Tanners junior Molly Smedira, a Lynnfield student athlete, organized last Saturday's "Faceoff against Mental Illness" game. (Item File Photo)

Tanners junior Smedira teams up with Project Semicolon

PEABODY -- When the Peabody/Lynnfield and Bishop Fenwick girls hockey teams squared off last Saturday in the opening game of their annual two-game rivalry series, there was much more on the line than merely winning or losing.

The first annual "Faceoff against Mental Illness" game served as a fundraiser for Project Semicolon, a charitable organization whose mission is dedicated to the prevention of suicide.

Tanners junior defenseman Molly Smedira, a Lynnfield High student athlete, organized the game, complete with raffles and merchandise sales, dedicating the game to the memory of James Luti, a former Stoneham High hockey player, who died at the age of 16 last year.

"My parents and I started getting it organized in late September," said Smedira. "Originally I was going to do one with Lynnfield field hockey, but I decided to move on to a larger community of ice hockey people to get more people to come out and more support."

Mission accomplished.  The rink was packed with supporters from several communities, including Stoneham.  More than  $1,000 was raised, which will be donated to Project Semicolon.  Smedira even designed a special Project Semicolon hockey logo that decorated the back page of the program.

Luti's high school hockey sweater was hung behind the Tanners' bench in his honor.  

"The Stoneham representation for a boy that passed away who took his own life," said Smedira. "We wanted to represent that he was there so that was the significance of the jersey.  James was a hockey player on the Stoneham team and his parents were here tonight."

Smedira said the team also hung a poster for  Randi Lemenager, a 2013 Peabody High graduate and Westfield State University valedictorian who died in 2017.

"She is also no longer with us," said Smedira. "She was the valedictorian of her high school and college senior classes. Her parents were here, too."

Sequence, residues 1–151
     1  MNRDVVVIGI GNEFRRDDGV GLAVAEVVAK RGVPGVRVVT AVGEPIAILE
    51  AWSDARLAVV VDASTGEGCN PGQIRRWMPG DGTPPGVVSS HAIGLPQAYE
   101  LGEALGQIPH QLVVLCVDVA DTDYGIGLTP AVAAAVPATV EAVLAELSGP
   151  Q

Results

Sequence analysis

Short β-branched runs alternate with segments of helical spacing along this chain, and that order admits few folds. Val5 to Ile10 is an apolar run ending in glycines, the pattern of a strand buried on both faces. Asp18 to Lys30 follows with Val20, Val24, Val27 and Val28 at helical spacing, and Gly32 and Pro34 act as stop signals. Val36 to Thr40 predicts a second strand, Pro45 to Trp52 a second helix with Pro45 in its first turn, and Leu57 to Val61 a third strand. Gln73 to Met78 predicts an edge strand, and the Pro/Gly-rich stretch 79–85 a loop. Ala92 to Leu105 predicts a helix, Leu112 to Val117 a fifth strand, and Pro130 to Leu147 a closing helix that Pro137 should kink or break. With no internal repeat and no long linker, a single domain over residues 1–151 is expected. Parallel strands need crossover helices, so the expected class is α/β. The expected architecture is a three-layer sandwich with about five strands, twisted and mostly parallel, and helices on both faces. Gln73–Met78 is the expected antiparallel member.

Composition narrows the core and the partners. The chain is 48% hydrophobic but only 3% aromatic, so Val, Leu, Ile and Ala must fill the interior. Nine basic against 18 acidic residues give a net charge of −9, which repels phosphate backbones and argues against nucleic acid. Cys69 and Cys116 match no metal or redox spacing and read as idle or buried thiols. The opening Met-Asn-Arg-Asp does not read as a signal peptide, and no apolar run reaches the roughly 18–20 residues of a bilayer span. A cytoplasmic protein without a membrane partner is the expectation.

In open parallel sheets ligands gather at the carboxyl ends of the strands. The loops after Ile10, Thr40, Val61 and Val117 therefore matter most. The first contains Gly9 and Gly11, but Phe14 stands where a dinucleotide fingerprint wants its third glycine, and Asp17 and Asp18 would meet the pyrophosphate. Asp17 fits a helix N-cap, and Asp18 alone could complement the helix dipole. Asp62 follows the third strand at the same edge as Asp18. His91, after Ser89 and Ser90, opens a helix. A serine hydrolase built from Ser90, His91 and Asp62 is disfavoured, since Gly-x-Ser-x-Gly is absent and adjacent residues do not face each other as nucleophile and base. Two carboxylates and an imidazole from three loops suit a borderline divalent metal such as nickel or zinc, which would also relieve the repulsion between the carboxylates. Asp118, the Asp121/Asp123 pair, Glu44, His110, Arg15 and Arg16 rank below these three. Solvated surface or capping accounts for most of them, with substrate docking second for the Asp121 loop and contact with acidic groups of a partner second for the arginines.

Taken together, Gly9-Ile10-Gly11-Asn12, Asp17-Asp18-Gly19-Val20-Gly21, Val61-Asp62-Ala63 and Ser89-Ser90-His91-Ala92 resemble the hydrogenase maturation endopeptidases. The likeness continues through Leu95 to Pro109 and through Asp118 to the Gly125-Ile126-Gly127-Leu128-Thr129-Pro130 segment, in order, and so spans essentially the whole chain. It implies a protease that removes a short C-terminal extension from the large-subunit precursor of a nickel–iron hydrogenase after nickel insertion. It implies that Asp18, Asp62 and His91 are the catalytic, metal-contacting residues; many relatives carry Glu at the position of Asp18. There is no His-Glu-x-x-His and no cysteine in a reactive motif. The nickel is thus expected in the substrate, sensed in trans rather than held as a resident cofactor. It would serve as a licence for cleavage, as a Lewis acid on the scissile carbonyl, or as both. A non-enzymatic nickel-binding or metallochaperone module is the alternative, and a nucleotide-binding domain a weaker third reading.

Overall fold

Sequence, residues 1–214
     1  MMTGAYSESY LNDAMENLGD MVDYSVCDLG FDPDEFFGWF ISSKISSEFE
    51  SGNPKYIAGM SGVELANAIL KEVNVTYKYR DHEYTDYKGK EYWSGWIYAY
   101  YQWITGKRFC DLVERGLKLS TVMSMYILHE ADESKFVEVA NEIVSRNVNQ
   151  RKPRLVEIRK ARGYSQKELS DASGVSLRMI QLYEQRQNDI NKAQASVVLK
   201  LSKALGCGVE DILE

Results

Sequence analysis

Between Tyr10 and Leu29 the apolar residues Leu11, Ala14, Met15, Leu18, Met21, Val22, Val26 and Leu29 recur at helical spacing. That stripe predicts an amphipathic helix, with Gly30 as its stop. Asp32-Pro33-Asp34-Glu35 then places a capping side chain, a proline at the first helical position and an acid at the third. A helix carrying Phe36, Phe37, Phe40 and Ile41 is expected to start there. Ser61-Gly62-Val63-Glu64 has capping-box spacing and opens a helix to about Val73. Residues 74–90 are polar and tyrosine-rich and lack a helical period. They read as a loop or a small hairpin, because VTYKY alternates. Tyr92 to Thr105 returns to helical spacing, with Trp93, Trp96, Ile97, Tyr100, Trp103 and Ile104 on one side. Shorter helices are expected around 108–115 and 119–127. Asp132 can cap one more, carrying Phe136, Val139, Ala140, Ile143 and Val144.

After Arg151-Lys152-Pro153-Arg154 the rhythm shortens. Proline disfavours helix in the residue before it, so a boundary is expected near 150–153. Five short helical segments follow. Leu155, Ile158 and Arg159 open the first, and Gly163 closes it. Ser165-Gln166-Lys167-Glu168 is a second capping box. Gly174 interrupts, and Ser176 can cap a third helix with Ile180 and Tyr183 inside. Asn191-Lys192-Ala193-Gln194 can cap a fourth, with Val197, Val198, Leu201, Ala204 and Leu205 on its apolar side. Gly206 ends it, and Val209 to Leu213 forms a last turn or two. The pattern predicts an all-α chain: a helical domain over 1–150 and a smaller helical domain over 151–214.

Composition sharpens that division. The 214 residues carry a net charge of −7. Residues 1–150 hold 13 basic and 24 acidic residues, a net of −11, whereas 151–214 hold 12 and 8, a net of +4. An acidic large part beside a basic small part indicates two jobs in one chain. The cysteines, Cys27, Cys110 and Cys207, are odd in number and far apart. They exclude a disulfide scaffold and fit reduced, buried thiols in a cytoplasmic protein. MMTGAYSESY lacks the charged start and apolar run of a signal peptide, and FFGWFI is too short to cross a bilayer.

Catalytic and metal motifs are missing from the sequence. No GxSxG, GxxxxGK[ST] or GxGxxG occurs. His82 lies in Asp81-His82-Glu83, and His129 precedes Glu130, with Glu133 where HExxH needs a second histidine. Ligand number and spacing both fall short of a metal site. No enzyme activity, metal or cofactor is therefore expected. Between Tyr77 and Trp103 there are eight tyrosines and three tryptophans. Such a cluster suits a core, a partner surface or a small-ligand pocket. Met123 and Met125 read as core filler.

The cause is near and dear to Smedira as she knows firsthand how depression can impact a family.

"I suffer from depression and anxiety myself," she said. "People didn't know how to react to it.  Community, friends, family don't know how to talk about it. They don't really know that it's okay to talk about it, so I wanted to get the community informed that we need to talk about this issue.

"I know myself, my family and some friends do suffer from mental illness and it's a huge issue with young people.  It's important to talk about it even though people think that suicide survivors and others who suffer don't want to talk about, but it's so important to talk about it. Reaching out to a friend, family member, school counselor, a trusted adult, anybody is just the first step.  People need to know that others are there who can be trusted and want to help them."

Smedira joked that she was very stressed as the game was winding down and Peabody was clinging to a one-goal lead with Fenwick on the attack. The Tanners won Saturday's game, 2-1 over the Crusaders.

She also said the benefits of being on a high school team far outweigh any anxiety that comes with winning and losing.

"Being an athlete can be stressful at times but it helps so much because you have more people who can relate to you and support you and you have so many great friends you make who you can really lean on," she said.

Peabody coach Michelle Roach said all the credit belonged to Smedira.

"We're all so proud of her for putting all of this together and she worked really hard to make this day happen," she said. "We're there to support her the entire season and she really made sure this game came off and the crowd was incredible.  

"I saw the Stoneham people and Molly just did a phenomenal job. This is an important topic affecting a lot of people and kids right now and Molly decided one of the platforms we have as a team. This day wouldn't have happened without her commitment."

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